A User's Guide to the British Isles as heard on BBC Radio's I'm Sorry I Haven't A Clue
Author: Iain Pattinson
Publisher: Random House
The I'm Sorry I Haven't A Clue team of Barry Cryer, Graeme Garden and Tim Brooke-Taylor, in the company of their esteemed chairman Humphrey Lyttelton, have been recording their BBC radio show around the UK for longer than any of them can remember ... that's about a week - or twenty minutes in the case of Barry Cryer. At each venue Humph would present a short history of the location, written by Iain Pattinson, to the mutual delight of the audience, the team and their delightful scorer Samantha (who somehow always found time for a rewarding poke around the area's backstreets). We are privileged to present, in gazetteer form, the very best of Humph's local histories form Radio 4's multi award-winning 'antidote to panel games'. As accurate as Wikipedia and as comprehensive as Reader's Digest, this unique guide tells you everything you never knew you wouldn't ever need to know about the background and inhabitants of Britain's most prominent towns and cities. The intelligent reader will waste no time in adding it to their collection. Bristol It was from Bristol in 1497 that John Cabot set off to find a new route to the Spice Islands by sailing north-west. He instead discovered a strange, hostile world which he named 'Newfoundland', until the natives explained that they actually called it 'Swansea'. Nottingham It's well documented in official records that the city's original name was 'Snottingham' or 'home of Snotts', but when the Normans came, they couldn't pronounce the initial letter 'S', so decreed the town be called 'Nottingham'or the 'home of Notts'. It's easy to understand why this change was resisted so fiercely by the people of Scunthorpe. Brighton A settlement is first recorded in Brighton as long as ago as 3000 BC, when Celtic Druids practised their ancient worship of oaks, mistletoe and virgins, and indeed, oaks and mistletoe are still plentiful in Brighton.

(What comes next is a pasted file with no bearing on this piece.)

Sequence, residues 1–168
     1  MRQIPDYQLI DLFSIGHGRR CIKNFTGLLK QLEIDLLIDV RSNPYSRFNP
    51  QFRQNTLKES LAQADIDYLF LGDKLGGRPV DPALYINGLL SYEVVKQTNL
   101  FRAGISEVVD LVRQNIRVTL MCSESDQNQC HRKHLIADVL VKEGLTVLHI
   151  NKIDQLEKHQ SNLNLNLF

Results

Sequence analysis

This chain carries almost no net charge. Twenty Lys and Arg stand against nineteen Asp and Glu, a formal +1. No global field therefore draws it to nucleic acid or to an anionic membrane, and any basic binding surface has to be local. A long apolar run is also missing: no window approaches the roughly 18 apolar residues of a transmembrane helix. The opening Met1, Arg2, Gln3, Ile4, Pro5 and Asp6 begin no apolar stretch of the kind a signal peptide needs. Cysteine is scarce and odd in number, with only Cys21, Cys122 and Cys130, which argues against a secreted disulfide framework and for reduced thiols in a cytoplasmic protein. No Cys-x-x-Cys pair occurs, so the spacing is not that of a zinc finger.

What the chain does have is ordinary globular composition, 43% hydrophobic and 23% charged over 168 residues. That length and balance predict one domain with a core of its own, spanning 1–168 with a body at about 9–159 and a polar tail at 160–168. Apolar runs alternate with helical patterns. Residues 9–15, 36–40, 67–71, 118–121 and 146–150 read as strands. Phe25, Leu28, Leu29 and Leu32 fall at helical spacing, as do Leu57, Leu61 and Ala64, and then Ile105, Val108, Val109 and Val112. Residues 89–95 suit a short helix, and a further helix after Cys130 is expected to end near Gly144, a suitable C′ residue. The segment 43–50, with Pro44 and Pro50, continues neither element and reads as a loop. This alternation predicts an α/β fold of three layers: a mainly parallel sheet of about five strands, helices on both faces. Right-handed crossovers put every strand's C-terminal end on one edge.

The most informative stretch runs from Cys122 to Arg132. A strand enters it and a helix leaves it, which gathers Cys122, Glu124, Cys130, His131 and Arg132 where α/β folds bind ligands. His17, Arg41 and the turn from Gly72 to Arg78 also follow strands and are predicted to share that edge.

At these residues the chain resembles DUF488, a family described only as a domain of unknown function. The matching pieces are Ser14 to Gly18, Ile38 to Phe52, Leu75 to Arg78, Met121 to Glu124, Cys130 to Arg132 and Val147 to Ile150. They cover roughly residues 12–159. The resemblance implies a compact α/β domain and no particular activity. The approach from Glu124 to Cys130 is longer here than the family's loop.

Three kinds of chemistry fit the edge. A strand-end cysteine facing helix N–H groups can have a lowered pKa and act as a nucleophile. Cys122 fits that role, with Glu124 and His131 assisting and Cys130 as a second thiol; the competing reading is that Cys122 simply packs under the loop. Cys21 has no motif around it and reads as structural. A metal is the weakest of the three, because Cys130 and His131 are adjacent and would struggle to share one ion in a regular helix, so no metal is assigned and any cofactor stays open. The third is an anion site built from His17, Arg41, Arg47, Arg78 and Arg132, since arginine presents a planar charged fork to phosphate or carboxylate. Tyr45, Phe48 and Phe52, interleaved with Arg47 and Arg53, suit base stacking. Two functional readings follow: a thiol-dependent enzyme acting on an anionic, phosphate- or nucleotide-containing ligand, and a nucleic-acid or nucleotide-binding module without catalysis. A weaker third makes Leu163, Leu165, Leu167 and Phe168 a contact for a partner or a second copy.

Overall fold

The Evolution of South Carolina Political Culture, 1748-1776
Author: Jonathan Mercantini
Publisher: Univ of South Carolina Press
"Mercantini explains this rejection of British rule through the transformation of the "rights of Englishmen" into the "rights of Carolina Englishmen." He suggests that South Carolinians, accustomed to authority as slave masters, took the British idea that certain inalienable rights accompanied an English birthright and reinterpreted the concept in ways related to self-rule. These "rights of Carolina Englishmen" centered on local control of elections, representation, finances, and taxation."--BOOK JACKET.